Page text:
Bill Lehmkuhl, owner of Precision Agri Services, challenges the notion that autonomy is still years off in the distance. In his view, the acceptance of autonomous vehicles is much like the early stages of autosteer. Many farmers dismissed it as a fad or unnecessary to their operations, but once farmers were exposed to it, they learned they couldn’t do without it.
Here’s his timeline that shows how long manufacturers and technology players have been working on autonomy, and why the technology is closer to reality than some recognize.
2008 — John Deere Concept ITec (Intelligent Total Equipment Control) Pro
The ITEC Pro automates the entire driving function for qualified Deere tractors, giving less-skilled operators the precision they need to make more efficient and accurate turns.
2011 — Fendt/Trimble Guide Connect.
Launched at Agritechnica, the system featured a driverless tractor on the field that automatically follows another tractor driving ahead. The driver of the leading tractor monitored both vehicles and had full access to the operating controls of the following tractor.
2013 — Kinze’s Autonomous Grain Cart.
This demonstration showed how harvesting function autonomy works in four models of operation: a grain cart following the combine through the field, unloading from the combine into the cart, return and park following unloading, and stopping and awaiting further instruction from the farmer.
2016 — CNH Autonomous Project.
The cabless Case IH Magnum promoted autonomous seeding, planting and tillage for broad-acre and row-crop farming, and showed how farmers would be able to manage fields and oversee the operation of several vehicles at one time.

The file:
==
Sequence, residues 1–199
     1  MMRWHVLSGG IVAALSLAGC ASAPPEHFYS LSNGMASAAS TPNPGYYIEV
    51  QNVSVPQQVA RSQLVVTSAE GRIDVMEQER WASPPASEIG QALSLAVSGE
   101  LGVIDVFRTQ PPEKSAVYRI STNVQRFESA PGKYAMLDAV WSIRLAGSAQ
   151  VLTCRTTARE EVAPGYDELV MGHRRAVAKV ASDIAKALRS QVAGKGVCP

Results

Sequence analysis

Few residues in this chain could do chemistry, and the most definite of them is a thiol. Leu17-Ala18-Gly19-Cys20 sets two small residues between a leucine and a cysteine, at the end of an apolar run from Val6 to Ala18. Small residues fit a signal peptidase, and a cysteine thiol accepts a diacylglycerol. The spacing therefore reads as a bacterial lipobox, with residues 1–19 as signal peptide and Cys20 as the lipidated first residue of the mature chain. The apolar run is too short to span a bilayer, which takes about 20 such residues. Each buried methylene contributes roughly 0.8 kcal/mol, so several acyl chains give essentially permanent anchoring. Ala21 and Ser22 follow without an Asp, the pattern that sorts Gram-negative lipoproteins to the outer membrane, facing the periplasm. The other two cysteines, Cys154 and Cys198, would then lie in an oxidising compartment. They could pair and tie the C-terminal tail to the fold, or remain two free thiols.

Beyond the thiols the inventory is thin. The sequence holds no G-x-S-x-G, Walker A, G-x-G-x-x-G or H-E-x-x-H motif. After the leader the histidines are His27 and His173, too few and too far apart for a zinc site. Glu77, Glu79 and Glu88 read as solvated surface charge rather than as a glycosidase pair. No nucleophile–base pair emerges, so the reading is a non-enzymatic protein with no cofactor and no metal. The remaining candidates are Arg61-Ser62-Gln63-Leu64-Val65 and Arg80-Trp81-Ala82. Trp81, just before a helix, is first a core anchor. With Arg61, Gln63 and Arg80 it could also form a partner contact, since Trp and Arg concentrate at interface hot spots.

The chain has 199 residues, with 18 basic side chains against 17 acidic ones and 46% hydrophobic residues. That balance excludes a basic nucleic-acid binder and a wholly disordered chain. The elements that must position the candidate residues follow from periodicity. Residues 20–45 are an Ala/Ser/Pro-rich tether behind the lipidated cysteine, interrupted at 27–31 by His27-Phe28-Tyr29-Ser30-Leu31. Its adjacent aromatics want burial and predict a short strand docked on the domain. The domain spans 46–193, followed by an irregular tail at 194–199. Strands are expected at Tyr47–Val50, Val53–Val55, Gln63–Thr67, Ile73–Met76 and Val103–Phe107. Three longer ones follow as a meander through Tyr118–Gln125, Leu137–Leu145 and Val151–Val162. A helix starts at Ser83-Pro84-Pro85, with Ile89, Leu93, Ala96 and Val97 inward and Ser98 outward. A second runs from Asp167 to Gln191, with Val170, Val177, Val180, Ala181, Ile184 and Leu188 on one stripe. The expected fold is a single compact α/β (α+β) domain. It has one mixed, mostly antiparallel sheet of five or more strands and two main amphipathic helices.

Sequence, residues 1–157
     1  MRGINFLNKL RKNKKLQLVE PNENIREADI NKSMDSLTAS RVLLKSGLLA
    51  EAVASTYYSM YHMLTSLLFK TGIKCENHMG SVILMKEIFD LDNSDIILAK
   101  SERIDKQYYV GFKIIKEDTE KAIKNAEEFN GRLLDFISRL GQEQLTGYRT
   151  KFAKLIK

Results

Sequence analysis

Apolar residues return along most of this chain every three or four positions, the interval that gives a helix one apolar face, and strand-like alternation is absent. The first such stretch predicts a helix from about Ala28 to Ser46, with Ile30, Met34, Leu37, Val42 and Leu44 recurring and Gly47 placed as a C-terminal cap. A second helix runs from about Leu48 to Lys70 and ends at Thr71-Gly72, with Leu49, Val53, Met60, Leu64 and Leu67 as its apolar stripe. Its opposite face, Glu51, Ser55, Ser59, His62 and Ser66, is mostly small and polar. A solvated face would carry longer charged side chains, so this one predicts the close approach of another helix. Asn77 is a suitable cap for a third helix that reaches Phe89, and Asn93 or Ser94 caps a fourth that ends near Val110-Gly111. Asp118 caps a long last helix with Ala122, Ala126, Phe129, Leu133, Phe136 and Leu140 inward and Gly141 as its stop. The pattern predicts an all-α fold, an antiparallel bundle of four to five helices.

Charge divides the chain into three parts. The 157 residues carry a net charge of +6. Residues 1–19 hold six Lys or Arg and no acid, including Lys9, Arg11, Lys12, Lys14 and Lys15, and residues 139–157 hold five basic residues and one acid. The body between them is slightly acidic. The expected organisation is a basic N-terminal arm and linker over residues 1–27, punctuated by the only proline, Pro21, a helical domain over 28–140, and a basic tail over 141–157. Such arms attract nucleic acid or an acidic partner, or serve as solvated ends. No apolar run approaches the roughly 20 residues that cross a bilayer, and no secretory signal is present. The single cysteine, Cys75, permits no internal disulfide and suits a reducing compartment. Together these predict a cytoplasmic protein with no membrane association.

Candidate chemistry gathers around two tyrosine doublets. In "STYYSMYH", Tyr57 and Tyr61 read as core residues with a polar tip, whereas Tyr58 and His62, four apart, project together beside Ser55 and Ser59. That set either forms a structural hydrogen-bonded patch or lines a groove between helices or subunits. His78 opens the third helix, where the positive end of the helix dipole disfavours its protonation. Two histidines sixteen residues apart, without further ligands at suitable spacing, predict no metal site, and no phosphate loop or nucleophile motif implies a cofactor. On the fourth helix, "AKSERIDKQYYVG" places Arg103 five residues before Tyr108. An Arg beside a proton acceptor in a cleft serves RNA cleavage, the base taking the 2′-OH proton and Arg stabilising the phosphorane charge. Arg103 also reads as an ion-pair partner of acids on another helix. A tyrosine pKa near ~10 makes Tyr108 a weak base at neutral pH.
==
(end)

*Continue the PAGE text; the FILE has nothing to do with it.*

2018 — DOT (now part of Raven*) debuts.
The technology featured an autonomous power unit that couples with implements to drive itself and perform farming functions.
2018 — Yanmar Robot Tractors.
The Robot Tractor was a completely unmanned operation.
2019 — Sabanto Ag Custom Planting Project.
This development was totally unique in that the developers of the technology also provide the custom farming as “farming for a service.”
2020 — Raven* AutoCart.
The release of Raven's AutoCart allowed a single operator to drive the harvester and call a tractor with the grain cart to come up alongside and receive the load.
*Raven was purchased by CNH in 2021. Raven rebranded its autonomous offerings in May 2021. OMNiDRIVE replaced the AutoCart name, and the former DOT name changed to OMNiPOWER.
This timeline, says Lehmkuhl, shows the evolution since autonomy has been worked on and refined over the past 10 years.
You’ll see Lehmkuhl, who owns and operates an independent precision dealer group in Ohio, and other dealers at the 2022 Precision Farming Dealer Summit in January. In addition to a presentation on autonomy by Ohio State University’s Scott Shearer, the 2022 Summit lineup also features a “Dealer Panel: What It’ll Take to Promote, Demo & Sell Autonomy to Farmers.”